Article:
Hannah Simmons’ Your Dreams are Growing Teeth
Photo by Tim Summers

After intermission came Hannah Simmons’ Your Dreams are Growing Teeth, set to music by Atticus Lazenby. Four dancers stood behind panels of sheer fabric hanging from the ceiling, and each started their own distinct movement phrase—walking through the fabric, rolling it up, pressing hand gestures into it, or a methodical floorwork solo. Every so often, they finished their original phrase and moved on to another. Both systematic and organic elements appeared throughout the work. The repetition of material showed a mathematical structure, yet within those solos, each dancer sustained a sense of discovery and anticipation—like something had just happened, or was about to happen, and they were either reeling from or waiting for it. The fabric panels evoked images of human clones in tubes; the dancers were not only learning the logical systems of the world, but the irrational humanity within it. Given all that, the piece would still have benefited from more of a compositional arc. While the repetitions were interesting, they created a monotonous experience that needed more variation.

In the post-show discussion, Simmons, who studied math and dance prior to coming to Seattle, told the audience that during her original process and in the Bridge Project Speakeasy (held the previous weekend), she used movement-responsive projections which were cast over the scrims and dancers, and onto the back wall. While that multimedia element would have undoubtedly added a layer of meaning to the work, the piece sans-projections still felt complete, and showed Simmons’ intellect and poignancy.

Coleman Pester’s The Architecture of Being
Photo by Tim Summers

The Architecture of Being, by Coleman Pester of Tectonic Marrow Society, closed the show. Fifteen dancers composed a single mass on stage as they walked, danced, and squirmed through the space — a sight doubled in volume by the exposed mirror on the back wall. Within this melee, soloist Patrick Kilbane slid, thrusted, and slinked fervently through the pack as Bret Gardín’s dystopic sound score played. Near the end, soloist Marlyn Yvonne joined Kilbane in a tactile and fiery duet. Nothing came of the relationship, however, making it feel like a love affair hastily tacked on to the end of an apocalyptic movie. Pester showed a knack for creating beautiful images with the crowd, like a straight line facing the mirror with Kilbane the only one facing side, or an almost centipede-like chain of bodies. While trying to focus on both Kilbane and the mass was sometimes distracting, both evoked incredibly rich images and Pester effectively juxtaposed the power of one against the power of many.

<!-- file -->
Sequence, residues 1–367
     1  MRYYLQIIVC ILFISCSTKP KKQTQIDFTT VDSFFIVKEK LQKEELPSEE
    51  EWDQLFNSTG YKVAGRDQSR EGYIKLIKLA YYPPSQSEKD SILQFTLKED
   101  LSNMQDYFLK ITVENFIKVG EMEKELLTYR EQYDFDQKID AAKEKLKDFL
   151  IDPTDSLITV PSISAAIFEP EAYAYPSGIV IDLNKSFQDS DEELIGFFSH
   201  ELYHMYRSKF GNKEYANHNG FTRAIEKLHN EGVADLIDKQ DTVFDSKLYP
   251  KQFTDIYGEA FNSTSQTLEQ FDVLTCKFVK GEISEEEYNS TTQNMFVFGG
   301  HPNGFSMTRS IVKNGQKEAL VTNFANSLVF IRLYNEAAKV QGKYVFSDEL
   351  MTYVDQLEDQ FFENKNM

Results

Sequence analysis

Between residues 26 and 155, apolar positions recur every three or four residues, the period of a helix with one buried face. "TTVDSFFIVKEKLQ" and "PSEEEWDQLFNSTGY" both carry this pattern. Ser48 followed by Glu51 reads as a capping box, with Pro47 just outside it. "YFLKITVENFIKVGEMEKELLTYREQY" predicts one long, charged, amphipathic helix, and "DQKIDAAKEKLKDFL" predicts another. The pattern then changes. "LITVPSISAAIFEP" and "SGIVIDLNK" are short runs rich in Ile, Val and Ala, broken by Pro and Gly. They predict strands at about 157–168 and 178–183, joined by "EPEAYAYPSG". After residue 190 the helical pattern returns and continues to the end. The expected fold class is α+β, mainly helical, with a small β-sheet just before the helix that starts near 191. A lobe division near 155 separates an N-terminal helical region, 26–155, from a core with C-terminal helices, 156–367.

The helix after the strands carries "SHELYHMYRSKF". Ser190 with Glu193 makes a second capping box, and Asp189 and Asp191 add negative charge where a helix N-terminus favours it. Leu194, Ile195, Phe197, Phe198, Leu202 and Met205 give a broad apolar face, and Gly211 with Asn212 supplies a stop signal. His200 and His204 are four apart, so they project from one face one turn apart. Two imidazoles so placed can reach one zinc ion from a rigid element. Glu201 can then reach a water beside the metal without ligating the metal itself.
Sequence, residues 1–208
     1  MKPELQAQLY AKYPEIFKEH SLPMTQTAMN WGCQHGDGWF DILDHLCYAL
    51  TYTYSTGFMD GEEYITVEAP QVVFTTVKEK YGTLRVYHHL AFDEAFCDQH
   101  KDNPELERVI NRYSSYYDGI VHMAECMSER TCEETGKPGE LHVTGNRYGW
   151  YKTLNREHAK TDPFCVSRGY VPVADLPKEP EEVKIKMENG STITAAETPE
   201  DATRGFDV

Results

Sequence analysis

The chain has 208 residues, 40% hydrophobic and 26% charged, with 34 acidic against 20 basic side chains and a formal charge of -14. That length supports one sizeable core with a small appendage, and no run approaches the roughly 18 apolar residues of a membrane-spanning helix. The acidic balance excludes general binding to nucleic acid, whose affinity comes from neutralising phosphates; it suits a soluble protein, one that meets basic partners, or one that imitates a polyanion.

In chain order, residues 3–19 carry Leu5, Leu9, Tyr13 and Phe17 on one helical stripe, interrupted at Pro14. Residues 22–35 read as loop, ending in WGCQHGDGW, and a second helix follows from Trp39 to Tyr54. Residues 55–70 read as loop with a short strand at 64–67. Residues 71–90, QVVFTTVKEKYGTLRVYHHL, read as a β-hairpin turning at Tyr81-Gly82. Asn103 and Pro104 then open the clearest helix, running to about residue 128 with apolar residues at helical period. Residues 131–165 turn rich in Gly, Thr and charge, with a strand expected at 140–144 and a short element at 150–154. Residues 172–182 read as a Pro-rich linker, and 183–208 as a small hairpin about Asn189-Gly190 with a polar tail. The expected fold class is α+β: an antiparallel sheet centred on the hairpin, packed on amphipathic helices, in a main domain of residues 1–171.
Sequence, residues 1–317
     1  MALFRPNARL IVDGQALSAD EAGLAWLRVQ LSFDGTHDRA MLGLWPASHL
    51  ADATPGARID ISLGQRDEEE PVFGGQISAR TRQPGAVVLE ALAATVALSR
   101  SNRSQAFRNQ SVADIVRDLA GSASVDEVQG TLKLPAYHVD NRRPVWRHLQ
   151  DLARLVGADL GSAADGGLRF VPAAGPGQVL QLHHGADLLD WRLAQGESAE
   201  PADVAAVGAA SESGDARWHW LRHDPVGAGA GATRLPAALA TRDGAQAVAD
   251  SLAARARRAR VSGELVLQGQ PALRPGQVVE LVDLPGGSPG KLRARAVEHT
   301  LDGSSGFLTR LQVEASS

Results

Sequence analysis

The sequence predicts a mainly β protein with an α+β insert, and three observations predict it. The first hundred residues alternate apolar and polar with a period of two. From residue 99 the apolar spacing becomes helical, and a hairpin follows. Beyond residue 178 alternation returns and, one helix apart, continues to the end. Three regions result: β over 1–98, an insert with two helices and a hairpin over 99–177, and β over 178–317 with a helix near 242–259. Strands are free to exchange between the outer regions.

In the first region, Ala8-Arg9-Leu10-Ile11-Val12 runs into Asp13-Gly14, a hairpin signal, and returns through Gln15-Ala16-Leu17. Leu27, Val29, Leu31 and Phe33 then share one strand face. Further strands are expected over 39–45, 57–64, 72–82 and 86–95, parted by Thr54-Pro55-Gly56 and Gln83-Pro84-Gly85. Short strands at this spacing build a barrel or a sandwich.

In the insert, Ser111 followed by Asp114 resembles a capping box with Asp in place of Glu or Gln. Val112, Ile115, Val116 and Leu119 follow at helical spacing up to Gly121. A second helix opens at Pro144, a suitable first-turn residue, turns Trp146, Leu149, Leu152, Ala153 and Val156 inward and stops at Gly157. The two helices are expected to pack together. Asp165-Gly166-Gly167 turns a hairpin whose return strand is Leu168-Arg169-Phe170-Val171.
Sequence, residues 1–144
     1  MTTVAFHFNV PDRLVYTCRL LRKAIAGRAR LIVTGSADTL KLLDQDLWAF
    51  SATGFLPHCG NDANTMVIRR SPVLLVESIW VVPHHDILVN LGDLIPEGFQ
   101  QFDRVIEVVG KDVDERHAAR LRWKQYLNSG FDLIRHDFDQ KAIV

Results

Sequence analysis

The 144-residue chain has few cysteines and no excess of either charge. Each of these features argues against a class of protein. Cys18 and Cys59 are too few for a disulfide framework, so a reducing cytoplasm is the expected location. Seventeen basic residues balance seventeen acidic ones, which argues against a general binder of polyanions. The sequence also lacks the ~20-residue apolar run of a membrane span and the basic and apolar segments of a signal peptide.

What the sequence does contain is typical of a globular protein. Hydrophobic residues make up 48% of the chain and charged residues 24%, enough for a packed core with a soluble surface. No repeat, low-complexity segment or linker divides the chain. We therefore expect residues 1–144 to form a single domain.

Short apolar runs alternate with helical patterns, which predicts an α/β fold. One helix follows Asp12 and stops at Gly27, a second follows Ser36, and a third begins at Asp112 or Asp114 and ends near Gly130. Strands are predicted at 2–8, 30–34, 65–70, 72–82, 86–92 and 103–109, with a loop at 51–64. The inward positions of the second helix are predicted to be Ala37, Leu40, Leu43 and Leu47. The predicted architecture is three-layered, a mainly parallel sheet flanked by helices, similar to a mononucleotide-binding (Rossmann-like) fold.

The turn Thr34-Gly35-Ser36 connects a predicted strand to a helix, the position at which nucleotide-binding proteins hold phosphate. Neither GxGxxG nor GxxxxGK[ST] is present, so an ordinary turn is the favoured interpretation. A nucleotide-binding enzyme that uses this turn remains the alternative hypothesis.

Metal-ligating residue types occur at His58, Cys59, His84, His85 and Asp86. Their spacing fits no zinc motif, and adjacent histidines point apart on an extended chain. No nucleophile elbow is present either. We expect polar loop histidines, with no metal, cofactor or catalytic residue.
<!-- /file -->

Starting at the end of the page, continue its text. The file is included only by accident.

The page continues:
With only four weeks to create their work, each choreographer managed to construct a world full of humanity and vivacity. Seattle will be lucky to witness where their intellect and fervor takes them next.


For more information on The Bridge Project and Velocity’s other programs, visit

Correction: An earlier version of this article misstated Adriana Hernandez’ name, as well as the title of her work, this border called my back